To promote consistency in policy and practice, the U.S. should develop and maintain a common approach for achieving U.S. policy and program objectives in formal international organizations such as United Nations for a and in informal, technical, government agency-level multilateral groups such as the IADC.11
While the United States was formalizing their regulatory approach to orbital debris, other nations were individually going through the same process. The United States took the lead on these international discussions through bilateral and multilateral mechanisms, which created the platform for international dialogue for orbital debris. These high-level discussions between space agencies from the United States, the Russian Federation, Japan, and the European Space Agency led to an informal multilateral organization called the Inter-Agency Space Debris Coordination Committee (IADC) in 1993.12
The IADC is an international governmental forum for “the worldwide coordination of activities related to the issues of man-made and natural debris in space” with the purpose to “exchange information on space debris research
5Report on Orbital Debris by the Interagency Group (Space) for the National Security Council, Washington, D.C., February 1989, https://ntrs.nasa.gov/archive/nasa/casi.ntrs.nasa.gov/19900003319.pdf.
6 Ibid., p. 17.
7 See FCC Amendments for orbital debris at https://www.fcc.gov/document/mitigration-orbital-debris.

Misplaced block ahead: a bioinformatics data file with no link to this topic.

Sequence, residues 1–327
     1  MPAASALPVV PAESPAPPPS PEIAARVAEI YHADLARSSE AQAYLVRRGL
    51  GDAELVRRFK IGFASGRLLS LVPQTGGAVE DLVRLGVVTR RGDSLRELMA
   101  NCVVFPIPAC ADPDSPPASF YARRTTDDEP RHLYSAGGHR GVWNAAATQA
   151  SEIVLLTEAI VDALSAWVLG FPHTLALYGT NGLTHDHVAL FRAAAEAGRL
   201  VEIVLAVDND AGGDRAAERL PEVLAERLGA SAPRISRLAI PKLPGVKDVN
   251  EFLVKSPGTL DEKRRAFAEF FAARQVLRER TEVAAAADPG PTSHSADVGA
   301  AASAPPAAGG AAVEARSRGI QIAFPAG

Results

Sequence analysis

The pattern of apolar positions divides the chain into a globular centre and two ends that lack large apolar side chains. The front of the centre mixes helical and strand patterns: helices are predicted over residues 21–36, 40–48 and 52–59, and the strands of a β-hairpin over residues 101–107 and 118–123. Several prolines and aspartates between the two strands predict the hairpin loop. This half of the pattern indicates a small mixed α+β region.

8 Office of Science and Technology Policy (OSTP), Interagency Report on Orbital Debris, Executive Office of the President, Washington, D.C., November 1995, p. 27. https://www.iadc-online.org/References/Docu/IAR_95_Document.pdf.
9 OSTP, Interagency Report, p. 27; and NASA, NASA Safety Standard: Guidelines and Assessment Procedures for Limiting Orbital Debris, NSS 1740.14, August 1995, https://ntrs.nasa.gov/archive/nasa/casi.ntrs.nasa.gov/19960020946.pdf.
10 OSTP, Interagency Report, 1995, p. 43.
11 OSTP, Interagency Report, 1995, p. 44.
12 OSTP, Interagency Report, 1995, pp. 43-44.
activities between member space agencies, to facilitate opportunities for cooperation in space debris research, to review the progress of ongoing cooperative activities, and to identify debris mitigation options.”13 Comprised of national space agencies, the organization is represented by delegates who have the high-level decision-making authority.